Dr David Pethick is a biochemist and meat scientist with a tremendous passion for the Australian red meat industry, something he has shared with generations of agricultural students through his characteristically animated and good-humoured presentation style.
Addressing a room full of university and college students in a conference marking 30 years of the Intercollegiate Meat Judging Association in Australia on Wednesday, he spoke of the incredible opportunities young meat scientists in Australia now have at their feet.
By contrast, when Dr Pethick was a student in the early 1970s, first at the University of Adelaide and then at Cambridge University in England as a PhD candidate, biochemistry and meat science were still very much in their infancy.
Dr Pethick, who has worked at Perth’s Murdoch University for more than 40 years, said life was not quite the same for a young meat scientist when he was starting out.
“There was no meat science when I did my degree,” he told the 188 ICMJ competitors and team coaches present.
“We didn’t mention meat at all, it was muscle, it was fat, it was guts.
“So I actually learned and trained to translate rat biochemistry into sheep and cattle biochemistry, because all biochemistry was based on a laboratory rat.
“There was no ICMJ back them, more is the pity, I would have loved it.”
Work by Dr Pethick and other pioneering meat scientists over past 50 years has helped to pave the significant inroads the Australia red meat industry has made into meat eating quality.
Asked to speak on the changes he has seen over the past 30 years, Dr Pethick said the biggest change was clear.
“For me the biggest change I have seen is an unreserved focus on the consumer,” he said.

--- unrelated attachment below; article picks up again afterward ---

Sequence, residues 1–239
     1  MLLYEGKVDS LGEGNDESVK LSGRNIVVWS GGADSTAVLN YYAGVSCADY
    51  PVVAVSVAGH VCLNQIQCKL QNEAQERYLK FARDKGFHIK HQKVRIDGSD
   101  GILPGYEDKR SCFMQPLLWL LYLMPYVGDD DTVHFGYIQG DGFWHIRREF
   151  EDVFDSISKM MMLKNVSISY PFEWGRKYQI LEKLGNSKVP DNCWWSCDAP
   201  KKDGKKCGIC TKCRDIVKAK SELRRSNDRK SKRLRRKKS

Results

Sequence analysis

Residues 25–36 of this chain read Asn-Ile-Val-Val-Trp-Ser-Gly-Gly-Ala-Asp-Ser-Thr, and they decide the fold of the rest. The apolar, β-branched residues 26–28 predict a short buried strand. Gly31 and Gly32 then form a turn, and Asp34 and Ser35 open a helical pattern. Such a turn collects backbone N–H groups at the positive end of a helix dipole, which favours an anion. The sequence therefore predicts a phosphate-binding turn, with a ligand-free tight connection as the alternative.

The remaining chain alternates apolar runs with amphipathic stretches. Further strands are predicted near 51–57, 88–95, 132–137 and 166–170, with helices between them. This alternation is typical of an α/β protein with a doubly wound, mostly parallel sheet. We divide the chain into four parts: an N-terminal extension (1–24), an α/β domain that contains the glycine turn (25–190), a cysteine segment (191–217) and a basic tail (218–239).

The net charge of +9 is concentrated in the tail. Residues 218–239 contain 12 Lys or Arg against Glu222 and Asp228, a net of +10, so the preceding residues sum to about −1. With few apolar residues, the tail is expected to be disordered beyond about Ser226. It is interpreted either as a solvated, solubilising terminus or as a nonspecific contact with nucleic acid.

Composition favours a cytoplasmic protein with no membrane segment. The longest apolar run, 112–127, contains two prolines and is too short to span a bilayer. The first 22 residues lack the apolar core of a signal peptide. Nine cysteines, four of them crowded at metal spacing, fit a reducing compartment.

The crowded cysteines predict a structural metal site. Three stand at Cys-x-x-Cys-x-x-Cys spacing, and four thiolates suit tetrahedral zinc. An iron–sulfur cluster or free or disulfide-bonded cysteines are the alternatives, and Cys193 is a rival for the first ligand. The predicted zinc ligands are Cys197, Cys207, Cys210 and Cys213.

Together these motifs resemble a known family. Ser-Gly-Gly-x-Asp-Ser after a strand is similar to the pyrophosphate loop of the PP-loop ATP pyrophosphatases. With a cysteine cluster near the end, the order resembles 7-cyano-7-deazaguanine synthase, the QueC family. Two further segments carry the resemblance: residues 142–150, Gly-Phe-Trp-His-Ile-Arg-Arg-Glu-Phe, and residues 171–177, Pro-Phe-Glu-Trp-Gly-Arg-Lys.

“This has been worldwide, but particularly the Australian industry saw this light and I was privileged enough to be part of this.
“The person who buys the meat at retail, without them, we have nothing.”
The number of consumers who have tested beef and lamb through the Meat Standards Australia program has now surpassed 160,000 in 11 countries.
“Now that is what I call a consumer focus,” he said.
Demonstrating that various pathways now open to meat science students, Dr Pethick said there were five key pillars of meat demand – illustrated by the Meat & Livestock Australia slide below – and all were founded in meat science.
“You need a good integrity system, it has to taste right, it has to have nutritional value which meat of course has and we have to keep reinforcing that,” he said.
“The systems have to be ethical, you have to kill the animals properly, you can’t bugger the land up, all the rest of it, and finally you still have to keep working on value and efficiency so the stuff doesn’t get so damn dear no one will buy it.”
Australia had been blessed in the last 30 years to have develop large integrated, multi-million dollar programs to drive targeted meat science research through MSA and the Beef and Sheep CRCs.
Dr Pethick said a commitment to putting consumers first had always helped the industry to navigate a range of challenging issues around meat quality over the years including the impact of HGPs, bos Indicus content, dentition and marbling.
As they worked through the various issues the key priority was always the consumer, he said.
“There is still a lot to understand – flavour, genetics, muscling, and grading technologies are on the boil – but just put the consumer first and you can’t go wrong,” he advised the aspiring meat scientists present.
“I would love to be a meat science student these days.
“We are a more mature, innovative and proud industry than ever, and we need you lot more than ever.”
In terms of what is coming next Dr Pethick said the next key goal he would love to see before he retires is a genomic breeding value for consumer eating quality. Work was well underway toward achieving this in both the lamb and beef research communities.